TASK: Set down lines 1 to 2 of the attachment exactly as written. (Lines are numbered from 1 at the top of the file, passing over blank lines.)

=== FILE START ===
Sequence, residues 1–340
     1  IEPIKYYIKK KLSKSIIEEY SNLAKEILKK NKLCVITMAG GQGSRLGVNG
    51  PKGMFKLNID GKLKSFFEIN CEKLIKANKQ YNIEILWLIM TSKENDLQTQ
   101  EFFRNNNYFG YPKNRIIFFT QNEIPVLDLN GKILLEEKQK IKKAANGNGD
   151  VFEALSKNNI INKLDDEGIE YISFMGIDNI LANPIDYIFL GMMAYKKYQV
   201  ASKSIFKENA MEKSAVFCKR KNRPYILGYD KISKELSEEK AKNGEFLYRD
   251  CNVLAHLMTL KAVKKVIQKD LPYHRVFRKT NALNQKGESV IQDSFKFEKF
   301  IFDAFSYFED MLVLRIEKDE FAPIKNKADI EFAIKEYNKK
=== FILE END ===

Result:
Sequence, residues 1–340
     1  IEPIKYYIKK KLSKSIIEEY SNLAKEILKK NKLCVITMAG GQGSRLGVNG